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Daddy's Home 2

Mel Gibson, Mark Wahlberg, Will Ferrell and John Lithgow star in "Daddy's Home 2."


If you didn't get enough of Christmas three months ago, you might want to take a look at "Daddy's Home 2," a sorta-funny film with little or no plot.

Taking familiar characters and plopping them in a holiday (not unlike "National Lampoon’s Christmas Vacation”) the latest film is just a series of vignettes strung together with lights.

Mark Wahlberg and Will Ferrell return as the dad and stepdad who, initially, were as divergent as two men get. Now that they’re on the same team, they need someone to play foil. Enter: Mel Gibson and John Lithgow as their fathers.

The former’s a macho bully; the latter’s a wimpy wallflower. Both arrive for the holidays, ready to spread their own brand of cheer. Because Wahlberg has an estranged relationship with Gibson, there’s tension. Because Lithgow isn’t telling the truth about his domestic situation, Ferrell’s baffled.

Throw in a shoplifting new wife (who barely speaks), a short-fused “surprise” dad and a film starring Liam Neeson called “Missile Tow” and you’ve got plenty to consider before you realize this isn’t going anywhere.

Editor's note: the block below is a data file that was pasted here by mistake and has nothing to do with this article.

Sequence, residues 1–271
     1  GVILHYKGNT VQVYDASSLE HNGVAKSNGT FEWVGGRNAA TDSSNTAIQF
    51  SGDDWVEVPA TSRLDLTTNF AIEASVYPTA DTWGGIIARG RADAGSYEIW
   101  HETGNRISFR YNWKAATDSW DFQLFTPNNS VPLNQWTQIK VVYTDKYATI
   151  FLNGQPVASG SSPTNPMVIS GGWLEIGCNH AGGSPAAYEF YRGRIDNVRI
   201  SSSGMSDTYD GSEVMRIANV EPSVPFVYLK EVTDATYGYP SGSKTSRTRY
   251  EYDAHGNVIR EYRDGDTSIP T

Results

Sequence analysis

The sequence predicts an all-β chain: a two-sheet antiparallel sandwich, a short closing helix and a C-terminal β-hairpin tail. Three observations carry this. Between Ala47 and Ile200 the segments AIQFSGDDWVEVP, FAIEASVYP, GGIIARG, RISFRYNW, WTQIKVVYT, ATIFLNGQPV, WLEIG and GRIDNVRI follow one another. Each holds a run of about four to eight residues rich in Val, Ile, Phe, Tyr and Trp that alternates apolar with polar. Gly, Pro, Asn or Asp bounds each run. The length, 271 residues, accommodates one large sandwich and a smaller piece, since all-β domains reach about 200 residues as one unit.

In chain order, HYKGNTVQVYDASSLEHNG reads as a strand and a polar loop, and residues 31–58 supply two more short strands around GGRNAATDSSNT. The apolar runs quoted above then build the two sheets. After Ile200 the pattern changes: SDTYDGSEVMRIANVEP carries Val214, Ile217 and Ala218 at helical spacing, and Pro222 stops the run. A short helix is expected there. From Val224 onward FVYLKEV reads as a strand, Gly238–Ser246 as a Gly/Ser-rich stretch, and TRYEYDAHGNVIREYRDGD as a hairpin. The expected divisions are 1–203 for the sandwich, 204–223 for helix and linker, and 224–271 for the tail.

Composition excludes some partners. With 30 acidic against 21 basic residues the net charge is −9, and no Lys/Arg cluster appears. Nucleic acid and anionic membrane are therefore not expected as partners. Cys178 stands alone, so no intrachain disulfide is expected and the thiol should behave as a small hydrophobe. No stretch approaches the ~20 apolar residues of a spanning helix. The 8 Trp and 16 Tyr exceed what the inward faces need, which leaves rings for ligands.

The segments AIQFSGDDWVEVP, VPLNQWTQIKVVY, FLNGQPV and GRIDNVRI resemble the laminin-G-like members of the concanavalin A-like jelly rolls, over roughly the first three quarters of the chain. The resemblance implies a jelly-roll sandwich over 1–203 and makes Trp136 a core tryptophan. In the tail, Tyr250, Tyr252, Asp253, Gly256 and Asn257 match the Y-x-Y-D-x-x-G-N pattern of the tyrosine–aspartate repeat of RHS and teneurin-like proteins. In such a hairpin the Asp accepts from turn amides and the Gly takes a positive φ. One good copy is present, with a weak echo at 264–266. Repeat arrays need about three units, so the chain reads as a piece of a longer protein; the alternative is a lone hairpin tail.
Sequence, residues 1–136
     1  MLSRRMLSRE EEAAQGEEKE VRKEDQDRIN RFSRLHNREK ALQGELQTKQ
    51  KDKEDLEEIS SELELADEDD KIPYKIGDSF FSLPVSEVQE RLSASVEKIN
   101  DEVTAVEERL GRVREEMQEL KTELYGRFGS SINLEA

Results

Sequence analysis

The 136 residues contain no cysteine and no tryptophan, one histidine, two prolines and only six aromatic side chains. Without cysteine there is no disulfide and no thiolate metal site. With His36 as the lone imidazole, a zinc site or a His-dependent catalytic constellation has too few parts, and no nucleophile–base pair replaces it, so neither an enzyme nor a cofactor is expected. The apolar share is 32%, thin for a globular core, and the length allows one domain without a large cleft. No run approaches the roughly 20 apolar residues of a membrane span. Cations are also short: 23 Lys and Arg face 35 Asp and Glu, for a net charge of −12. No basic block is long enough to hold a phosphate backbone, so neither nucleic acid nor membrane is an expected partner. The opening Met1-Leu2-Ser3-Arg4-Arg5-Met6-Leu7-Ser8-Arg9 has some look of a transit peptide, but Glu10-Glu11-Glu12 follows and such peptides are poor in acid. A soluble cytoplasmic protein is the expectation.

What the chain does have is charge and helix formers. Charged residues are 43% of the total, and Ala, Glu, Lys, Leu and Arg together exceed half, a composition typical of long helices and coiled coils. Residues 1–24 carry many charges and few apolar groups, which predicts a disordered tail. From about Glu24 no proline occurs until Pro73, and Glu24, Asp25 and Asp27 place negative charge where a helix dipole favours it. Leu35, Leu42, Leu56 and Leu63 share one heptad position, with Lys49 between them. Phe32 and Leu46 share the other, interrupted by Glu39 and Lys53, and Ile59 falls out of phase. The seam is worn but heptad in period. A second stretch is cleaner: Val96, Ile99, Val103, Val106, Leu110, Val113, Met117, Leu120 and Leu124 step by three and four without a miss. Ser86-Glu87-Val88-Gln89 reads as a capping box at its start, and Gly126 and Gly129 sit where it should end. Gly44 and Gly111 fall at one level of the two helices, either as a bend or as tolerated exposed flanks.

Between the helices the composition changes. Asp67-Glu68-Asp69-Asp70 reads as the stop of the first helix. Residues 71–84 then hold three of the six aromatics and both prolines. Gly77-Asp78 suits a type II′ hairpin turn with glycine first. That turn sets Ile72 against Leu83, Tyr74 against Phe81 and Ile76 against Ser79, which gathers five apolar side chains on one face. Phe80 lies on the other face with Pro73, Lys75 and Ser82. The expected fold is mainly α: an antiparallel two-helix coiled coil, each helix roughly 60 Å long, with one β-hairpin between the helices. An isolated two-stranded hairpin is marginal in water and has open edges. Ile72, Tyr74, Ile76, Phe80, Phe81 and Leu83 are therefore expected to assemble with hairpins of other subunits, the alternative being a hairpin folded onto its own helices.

Much like a disconnected bunch of skits, “Daddy’s Home 2” expects its audience to know the characters and their back stories. Beyond the stereotypes, we’re hard-pressed to separate the good daughter from the bad one, the rich dad from the poor one.

As if to prove his superiority, Gibson rents a chalet for Christmas and brings everyone under one roof. That means there are going to be bits with trees, lights and meals -- and, for good measure – a little booze to get the kids going.

Nobody, unfortunately, is redeemed (at least not until the big anthem is sung) or wiser for the experience.

Like “A Bad Moms Christmas” this is just a way to revisit old friends and let them do stupid things.

Ferrell’s stunt man works overtime, edging perilously close to death every time he exits a room.

Wahlberg is given much less to do. But, then, he has to share scenes with a sneering, almost rude Gibson.

Because this is Mel’s first acting gig since he was ostracized by Hollywood, you’d think he’d want a little redemption. Instead, he creates a wholly unlikable dad who never seems to see the light. (If someone is looking for an actor to play Harvey Weinstein, we’ve got a suggestion.)

Lithgow never stretches beyond “Saturday Night Live” skit boundaries. And Linda Cardellini and Alessandra Ambrosio are so underutilized as the wives they might as well not be in the film.

Even an 11th hour appearance by John Cena doesn’t rev up the crowd.



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